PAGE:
Sept. 29, 1997
Sept. 29, 1997

Table of Contents
Sept. 29, 1997


UCLA tailback Skip Hicks is so laid-back, friends in his
hometown of Burkburnett, Texas, call him Turtle. Even when
carrying the football, he's more likely to wait behind his line
for an opening than he is to run over tacklers.

This is an article from the Sept. 29, 1997 issue Original Layout

Hicks, a 6-foot, 220-pound fifth-year senior, has parlayed that
tortoise approach into hair-raising numbers this season. He ran
for 190 yards and four touchdowns in the Bruins' season-opening
37-34 loss to Washington State, 80 yards and two touchdowns (one
rushing, one receiving) in their 30-24 loss to Tennessee, and 96
yards and three touchdowns (two rushing, one receiving) in their
66-3 spanking of Texas on Sept. 13. His 18 points per game is
second best in Division I-A, and he needs just three more
touchdowns to break Gaston Green's UCLA career record of 40.

Hicks, however, is best known at UCLA for a play in which he
didn't participate: a fourth-and-goal at the Washington State
one-yard line late in the fourth quarter. After losing a yard on
first-and-goal from the Cougars' nine, Hicks took himself out of
the game for a breather and missed the next three plays. His
replacement, redshirt freshman Jermaine Lewis, was stuffed on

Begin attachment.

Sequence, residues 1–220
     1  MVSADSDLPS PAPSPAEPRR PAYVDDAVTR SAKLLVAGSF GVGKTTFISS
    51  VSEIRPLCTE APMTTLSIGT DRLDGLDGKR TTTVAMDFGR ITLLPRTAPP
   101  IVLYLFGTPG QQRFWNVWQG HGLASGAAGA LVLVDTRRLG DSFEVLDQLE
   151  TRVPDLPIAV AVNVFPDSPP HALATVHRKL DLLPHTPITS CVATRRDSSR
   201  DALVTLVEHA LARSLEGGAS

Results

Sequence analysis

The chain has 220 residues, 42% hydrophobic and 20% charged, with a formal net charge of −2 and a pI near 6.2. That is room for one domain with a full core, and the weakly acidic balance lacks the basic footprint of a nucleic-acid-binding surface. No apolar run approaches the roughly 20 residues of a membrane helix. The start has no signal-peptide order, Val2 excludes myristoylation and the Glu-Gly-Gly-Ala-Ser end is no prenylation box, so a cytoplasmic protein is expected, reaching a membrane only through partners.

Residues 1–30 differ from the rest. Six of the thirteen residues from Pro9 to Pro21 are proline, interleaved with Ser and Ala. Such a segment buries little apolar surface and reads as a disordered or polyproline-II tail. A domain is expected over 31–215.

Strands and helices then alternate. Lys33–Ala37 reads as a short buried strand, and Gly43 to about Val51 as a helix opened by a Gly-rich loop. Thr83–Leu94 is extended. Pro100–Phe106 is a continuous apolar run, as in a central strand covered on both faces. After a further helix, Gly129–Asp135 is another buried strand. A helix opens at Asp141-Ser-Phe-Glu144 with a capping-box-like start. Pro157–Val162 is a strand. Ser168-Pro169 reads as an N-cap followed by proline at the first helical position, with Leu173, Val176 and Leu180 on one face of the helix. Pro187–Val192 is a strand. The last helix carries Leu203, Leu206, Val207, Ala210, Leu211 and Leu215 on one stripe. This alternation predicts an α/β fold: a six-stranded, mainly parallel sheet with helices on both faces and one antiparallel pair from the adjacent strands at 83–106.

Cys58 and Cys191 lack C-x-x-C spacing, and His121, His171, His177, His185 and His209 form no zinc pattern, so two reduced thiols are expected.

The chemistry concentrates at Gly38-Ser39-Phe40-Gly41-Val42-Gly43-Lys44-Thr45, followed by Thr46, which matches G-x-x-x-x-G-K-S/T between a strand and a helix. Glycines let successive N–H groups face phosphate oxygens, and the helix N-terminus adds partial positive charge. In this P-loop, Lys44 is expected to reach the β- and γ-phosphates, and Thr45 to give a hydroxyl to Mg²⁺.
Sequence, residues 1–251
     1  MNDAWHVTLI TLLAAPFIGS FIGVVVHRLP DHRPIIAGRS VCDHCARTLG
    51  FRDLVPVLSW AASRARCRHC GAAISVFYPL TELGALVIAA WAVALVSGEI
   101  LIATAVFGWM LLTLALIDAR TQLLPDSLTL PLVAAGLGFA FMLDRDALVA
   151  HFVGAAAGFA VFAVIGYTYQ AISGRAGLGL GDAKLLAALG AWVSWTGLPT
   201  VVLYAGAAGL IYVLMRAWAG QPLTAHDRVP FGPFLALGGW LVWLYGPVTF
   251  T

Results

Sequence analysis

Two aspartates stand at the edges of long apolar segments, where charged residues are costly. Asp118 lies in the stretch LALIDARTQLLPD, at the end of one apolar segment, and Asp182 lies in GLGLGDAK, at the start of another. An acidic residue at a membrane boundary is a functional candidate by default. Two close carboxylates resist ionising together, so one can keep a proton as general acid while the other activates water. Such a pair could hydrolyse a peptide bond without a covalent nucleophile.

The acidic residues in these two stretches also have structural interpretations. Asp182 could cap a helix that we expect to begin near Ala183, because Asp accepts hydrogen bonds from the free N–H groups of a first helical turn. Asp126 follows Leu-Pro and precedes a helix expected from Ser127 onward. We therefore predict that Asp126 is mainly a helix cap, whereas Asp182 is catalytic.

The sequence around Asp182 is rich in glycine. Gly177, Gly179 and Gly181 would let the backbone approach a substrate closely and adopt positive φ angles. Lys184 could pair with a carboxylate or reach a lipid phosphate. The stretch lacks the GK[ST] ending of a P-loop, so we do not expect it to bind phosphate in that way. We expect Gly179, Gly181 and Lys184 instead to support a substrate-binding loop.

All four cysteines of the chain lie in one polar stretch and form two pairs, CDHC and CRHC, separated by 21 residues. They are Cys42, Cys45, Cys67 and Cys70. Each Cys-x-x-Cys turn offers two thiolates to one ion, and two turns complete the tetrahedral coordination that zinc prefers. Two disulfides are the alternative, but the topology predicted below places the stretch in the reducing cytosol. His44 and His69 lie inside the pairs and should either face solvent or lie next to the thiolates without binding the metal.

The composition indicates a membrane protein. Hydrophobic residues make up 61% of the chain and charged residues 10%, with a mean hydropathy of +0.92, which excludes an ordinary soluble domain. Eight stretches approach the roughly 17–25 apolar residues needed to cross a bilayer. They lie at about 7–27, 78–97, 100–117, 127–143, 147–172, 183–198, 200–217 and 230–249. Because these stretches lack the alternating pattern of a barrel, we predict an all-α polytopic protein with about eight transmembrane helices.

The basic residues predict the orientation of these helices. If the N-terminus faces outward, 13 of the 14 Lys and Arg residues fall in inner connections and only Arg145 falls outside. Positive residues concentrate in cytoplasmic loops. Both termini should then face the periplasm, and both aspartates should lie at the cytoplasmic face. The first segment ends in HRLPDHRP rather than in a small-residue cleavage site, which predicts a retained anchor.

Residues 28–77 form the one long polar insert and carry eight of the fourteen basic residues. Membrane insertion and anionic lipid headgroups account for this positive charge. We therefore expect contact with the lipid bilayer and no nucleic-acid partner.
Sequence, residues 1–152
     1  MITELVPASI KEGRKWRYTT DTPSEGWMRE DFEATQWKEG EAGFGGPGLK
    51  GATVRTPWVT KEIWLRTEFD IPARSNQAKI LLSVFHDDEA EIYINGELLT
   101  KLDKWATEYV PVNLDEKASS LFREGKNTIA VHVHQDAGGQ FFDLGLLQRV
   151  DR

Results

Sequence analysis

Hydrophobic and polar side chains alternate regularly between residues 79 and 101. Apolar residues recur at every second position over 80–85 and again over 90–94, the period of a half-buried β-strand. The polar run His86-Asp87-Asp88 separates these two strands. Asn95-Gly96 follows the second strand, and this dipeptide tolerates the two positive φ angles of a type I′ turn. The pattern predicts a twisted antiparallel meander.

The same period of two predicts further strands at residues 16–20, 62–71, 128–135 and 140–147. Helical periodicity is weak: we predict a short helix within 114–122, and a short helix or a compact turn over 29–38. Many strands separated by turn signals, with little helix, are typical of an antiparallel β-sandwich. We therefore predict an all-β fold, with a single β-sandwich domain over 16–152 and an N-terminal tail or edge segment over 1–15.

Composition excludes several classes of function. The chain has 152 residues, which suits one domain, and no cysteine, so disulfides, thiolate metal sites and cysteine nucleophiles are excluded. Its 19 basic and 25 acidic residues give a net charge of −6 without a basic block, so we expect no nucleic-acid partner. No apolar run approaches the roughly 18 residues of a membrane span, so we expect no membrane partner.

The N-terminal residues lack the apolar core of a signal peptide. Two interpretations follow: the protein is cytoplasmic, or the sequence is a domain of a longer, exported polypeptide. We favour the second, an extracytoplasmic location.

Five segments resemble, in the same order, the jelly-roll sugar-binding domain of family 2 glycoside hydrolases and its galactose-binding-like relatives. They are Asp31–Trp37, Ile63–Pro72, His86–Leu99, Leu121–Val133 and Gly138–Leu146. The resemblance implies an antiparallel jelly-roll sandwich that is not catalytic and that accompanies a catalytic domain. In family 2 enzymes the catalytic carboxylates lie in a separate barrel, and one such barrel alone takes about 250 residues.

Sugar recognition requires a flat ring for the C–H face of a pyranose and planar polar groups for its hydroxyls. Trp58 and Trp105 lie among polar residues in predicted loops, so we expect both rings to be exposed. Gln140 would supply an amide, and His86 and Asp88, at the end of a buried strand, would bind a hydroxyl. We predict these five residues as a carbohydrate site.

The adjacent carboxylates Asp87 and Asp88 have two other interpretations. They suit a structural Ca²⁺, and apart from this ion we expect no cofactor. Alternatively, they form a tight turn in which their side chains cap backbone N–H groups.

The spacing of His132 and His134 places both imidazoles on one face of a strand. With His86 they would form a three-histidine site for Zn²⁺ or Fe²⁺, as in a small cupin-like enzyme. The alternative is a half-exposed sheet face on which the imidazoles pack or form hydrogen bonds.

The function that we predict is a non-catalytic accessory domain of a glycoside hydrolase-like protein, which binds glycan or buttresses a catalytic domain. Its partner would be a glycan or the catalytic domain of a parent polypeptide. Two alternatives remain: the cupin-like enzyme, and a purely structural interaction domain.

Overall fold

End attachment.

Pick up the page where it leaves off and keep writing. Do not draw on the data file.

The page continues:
fourth down, and UCLA never got the ball back.

After the game, Hicks needed a turtle's shell to deflect the
criticism he and coach Bob Toledo got from Bruins fans and the
media, who questioned Hicks's resolve and Toledo's
decision-making. The remarks stung Hicks, but in keeping with
his nature he tried to move on.

As a freshman, Hicks learned about taking the good with the bad.
In the fall of 1993 he led the Bruins in rushing, with 563
yards, while starting ahead of Karim Abdul-Jabbar, now with the
Miami Dolphins. On just the second carry of his career, he ran
40 yards for a touchdown against Cal. The following spring, he
tore the ACL in his left knee while competing in the long jump
as a member of the UCLA track team.

Hicks rehabilitated the knee and returned to the gridiron in
time for the Bruins' fourth game of the 1994 season, but he was
hampered by pain much of that fall and gained only 161 yards on
40 carries. He was a medical redshirt the following year after
undergoing arthroscopic surgery on the same knee. He regained
his old form in '96, when he led UCLA in rushing, with 1,034
yards, and broke the Bruins' record for touchdowns in a season,
with 20.

More important, Toledo says, Hicks came out of his shell last
season and became a leader. That turnabout came at halftime on
Nov. 23 against Southern Cal, with UCLA trailing 24-7: Annoyed
by the Bruins' lackluster performance, Hicks got in the faces of
several teammates, challenging them to raise their level of
play. Partly inspired by his outburst, UCLA won 48-41 in

Hicks, who is scheduled to graduate in May with a degree in
history, says he wants to inspire his teammates to salvage the
1997 season. The last time UCLA started 0-2, he points out, the
Bruins finished 8-4 and went to the '94 Rose Bowl. "If we play
every game the way we did against Texas," Hicks says, "we could
still go to a major bowl, maybe even the Rose Bowl."